But the Staffel was immediately made ready for takeoff so that, even if we were still greatly inferior, we could at least continue to take on the opponent. The inferiority of our numbers was more or less balanced out by the reckless performance of each single individual. Thus fell the Pour le Mérite-winning pilot Leutnant Loewenhardt [a 54-victory ace and leader of Jasta 10] from the “Richthofen” Geschwader (which had arrived with two Staffeln), in a wild battle against superior numbers, and still more dear comrades followed him into the realm of shadows on this day [August 10, 1918].

At 4 o’clock we took off for the fourth time. The English squadrons could hardly be outdone anymore. Everywhere Staffeln scraped; the tracers’ smoke trails lay like spider webs across the sky.

In the evening hours we took off for a fifth time. White signal flares indicated the forward lines which we, to our chagrin, unfortunately discovered very much to the west of Foucaucourt. Like a meteor, a glowing red fireball—a Sopwith—crashed to the ground after a tough aerial engagement—it was the fourth victory of my master shooter of the morning and the eighth victory of my Staffel on the first day of this incredible defensive battle. We got out of our machines dead tired. We had been in the air for 10 hours; for 10 hours we had fought under the most difficult conditions. Thank God that He let night come.

And once again the death messengers of the night [i.e., British bombers] droned and hummed , directional signals hissed, cannon sparkled, and the antiaircraft guns barked.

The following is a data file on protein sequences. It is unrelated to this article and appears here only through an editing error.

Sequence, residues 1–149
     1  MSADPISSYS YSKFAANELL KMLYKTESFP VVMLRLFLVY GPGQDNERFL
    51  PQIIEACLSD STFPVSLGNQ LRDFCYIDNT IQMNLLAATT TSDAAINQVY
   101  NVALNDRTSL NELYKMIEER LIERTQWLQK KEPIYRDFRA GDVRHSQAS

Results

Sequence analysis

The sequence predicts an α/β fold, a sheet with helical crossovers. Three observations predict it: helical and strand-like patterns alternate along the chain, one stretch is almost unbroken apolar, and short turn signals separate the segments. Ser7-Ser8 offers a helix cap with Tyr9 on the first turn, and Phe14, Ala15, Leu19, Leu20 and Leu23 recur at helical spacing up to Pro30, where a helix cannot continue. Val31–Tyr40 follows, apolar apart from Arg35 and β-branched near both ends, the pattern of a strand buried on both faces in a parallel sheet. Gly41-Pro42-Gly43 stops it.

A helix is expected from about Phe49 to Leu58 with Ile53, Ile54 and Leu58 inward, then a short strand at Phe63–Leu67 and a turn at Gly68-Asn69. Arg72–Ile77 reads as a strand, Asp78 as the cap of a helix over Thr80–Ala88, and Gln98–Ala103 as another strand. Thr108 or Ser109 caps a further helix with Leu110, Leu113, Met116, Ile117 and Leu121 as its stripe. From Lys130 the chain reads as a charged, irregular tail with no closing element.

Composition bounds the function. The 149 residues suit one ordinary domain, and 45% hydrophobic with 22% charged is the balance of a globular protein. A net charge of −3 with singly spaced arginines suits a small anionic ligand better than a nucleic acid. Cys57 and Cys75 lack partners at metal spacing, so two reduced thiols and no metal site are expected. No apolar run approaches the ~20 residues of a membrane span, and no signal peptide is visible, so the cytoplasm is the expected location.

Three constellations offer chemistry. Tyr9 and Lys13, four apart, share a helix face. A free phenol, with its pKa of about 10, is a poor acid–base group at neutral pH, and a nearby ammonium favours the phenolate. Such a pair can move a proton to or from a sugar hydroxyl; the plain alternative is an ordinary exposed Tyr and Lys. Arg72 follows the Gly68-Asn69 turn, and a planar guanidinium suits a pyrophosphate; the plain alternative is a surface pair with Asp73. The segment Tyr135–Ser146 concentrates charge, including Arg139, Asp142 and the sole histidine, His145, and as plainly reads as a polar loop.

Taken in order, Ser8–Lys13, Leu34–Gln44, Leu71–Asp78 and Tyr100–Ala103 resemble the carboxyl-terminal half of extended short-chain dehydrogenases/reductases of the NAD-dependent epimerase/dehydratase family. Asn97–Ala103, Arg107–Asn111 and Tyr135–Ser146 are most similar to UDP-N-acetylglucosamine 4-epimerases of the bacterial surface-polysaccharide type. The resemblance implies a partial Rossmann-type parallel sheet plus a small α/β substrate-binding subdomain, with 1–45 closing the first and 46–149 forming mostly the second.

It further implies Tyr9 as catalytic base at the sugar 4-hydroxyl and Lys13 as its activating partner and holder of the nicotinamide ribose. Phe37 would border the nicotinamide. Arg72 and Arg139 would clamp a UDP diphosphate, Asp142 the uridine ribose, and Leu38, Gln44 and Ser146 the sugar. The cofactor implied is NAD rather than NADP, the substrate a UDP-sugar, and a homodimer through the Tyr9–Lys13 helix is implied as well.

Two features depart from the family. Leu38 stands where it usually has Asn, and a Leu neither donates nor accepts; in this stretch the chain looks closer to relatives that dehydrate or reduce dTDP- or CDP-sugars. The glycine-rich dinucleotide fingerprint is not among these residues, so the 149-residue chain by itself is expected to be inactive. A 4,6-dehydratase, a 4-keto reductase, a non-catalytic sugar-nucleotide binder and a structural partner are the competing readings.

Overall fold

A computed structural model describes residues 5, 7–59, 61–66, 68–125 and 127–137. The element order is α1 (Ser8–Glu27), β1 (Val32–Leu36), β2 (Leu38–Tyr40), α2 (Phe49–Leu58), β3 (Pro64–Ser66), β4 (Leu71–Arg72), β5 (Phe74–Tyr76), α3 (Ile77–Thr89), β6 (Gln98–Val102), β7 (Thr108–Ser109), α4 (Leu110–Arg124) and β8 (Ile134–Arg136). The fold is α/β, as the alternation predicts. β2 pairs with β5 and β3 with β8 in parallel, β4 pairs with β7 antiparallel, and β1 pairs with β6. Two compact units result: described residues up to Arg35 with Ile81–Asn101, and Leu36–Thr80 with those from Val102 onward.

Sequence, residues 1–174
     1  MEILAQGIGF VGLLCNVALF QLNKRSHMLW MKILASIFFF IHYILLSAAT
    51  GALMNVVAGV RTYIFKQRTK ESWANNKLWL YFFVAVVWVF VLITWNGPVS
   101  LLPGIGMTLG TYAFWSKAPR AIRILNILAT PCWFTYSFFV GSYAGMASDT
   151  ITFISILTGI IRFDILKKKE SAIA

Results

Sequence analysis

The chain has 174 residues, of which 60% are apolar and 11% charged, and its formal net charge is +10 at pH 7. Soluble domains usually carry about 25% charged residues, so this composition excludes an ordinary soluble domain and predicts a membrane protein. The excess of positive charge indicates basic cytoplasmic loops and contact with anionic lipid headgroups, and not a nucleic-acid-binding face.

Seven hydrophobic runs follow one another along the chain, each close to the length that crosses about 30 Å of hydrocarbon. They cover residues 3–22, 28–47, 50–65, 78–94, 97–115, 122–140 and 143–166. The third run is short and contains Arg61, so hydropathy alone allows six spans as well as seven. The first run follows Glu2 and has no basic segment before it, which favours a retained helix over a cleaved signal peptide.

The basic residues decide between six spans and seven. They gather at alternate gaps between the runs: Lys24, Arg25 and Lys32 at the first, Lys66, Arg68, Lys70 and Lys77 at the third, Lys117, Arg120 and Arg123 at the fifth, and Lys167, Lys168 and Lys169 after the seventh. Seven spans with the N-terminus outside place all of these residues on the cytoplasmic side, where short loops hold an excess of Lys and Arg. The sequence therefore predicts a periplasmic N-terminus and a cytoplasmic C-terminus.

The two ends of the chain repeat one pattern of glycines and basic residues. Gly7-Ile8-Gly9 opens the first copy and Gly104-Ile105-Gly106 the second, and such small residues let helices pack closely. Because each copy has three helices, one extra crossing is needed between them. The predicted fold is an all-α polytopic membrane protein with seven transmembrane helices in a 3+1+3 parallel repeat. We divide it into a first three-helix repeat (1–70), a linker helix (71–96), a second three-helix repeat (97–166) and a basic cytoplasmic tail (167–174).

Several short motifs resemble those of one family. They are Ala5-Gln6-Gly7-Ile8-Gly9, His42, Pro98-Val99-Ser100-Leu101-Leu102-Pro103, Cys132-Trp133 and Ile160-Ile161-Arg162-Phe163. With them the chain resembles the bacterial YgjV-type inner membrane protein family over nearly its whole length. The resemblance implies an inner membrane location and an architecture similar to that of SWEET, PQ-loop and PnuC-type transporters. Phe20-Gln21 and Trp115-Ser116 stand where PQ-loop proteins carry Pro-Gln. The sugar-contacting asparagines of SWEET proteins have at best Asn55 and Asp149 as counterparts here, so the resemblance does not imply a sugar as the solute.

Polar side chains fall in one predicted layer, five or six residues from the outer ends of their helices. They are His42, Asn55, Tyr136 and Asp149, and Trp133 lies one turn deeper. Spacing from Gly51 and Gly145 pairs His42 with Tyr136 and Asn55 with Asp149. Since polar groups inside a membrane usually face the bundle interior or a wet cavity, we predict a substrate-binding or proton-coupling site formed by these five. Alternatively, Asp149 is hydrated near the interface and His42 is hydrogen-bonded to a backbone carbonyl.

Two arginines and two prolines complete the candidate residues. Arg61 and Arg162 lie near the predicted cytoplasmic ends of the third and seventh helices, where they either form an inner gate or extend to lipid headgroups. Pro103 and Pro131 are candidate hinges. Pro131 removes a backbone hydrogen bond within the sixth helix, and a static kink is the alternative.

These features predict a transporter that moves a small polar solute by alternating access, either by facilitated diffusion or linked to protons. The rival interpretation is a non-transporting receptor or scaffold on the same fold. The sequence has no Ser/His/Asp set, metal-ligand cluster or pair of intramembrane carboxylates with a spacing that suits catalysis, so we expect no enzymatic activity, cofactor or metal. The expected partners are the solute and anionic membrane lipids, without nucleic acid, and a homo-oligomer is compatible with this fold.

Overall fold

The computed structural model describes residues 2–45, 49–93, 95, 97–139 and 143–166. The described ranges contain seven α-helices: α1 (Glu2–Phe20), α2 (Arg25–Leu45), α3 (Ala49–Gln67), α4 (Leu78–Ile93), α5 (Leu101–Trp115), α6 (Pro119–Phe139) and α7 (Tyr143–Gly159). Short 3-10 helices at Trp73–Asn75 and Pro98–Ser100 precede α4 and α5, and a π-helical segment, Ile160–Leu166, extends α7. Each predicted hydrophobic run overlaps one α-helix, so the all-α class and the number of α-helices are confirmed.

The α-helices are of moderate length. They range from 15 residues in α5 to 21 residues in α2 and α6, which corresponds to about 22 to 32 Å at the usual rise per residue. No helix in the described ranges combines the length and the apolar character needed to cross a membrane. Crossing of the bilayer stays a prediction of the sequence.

Johann Pütz was the ace who accompanied von Greim on his attack against the British tank.
Johann Pütz was the ace who accompanied von Greim on his attack against the British tank.

August 23, 1918—Tank Attack

Regarding enemy aerial activities, the following days were, on average, like August 8. On the ground the fighting had died down; however, new attacks were expected, and to maintain the fighting strength of my Jagdgruppe [combat group], it was necessary to transfer the airfield still farther away, toward Hervilly. Success followed success in tough battles.

On the evening of August 22, the drum-fire began anew, increasing in the morning hours to a terrible force. Because of a telephone message that enemy ground attack aircraft were at work, we took off at dawn. The haze, which on August 8 Nature had laid before the eyes of our artillery and infantry, and helped the opponent’s tank attack so much, was artificial this time, made by smoke bombs. Thick clouds waltzed over the torn crater fields, mixing themselves with the dark smoke clouds of the exploding shells and were suddenly twisted again by powerful fountains of earth from new impacts. Right below us lay our old airfield, disheveled to nonrecognition by heavy fire; here, recognizable by magnesium fire and signal flares, was our forward line. There was nothing to be seen of the enemy whom we were searching for. We flew to the Somme, we flew to the south, angrily greeted by many machine guns and antiaircraft guns, but there wasn’t an opponent anywhere.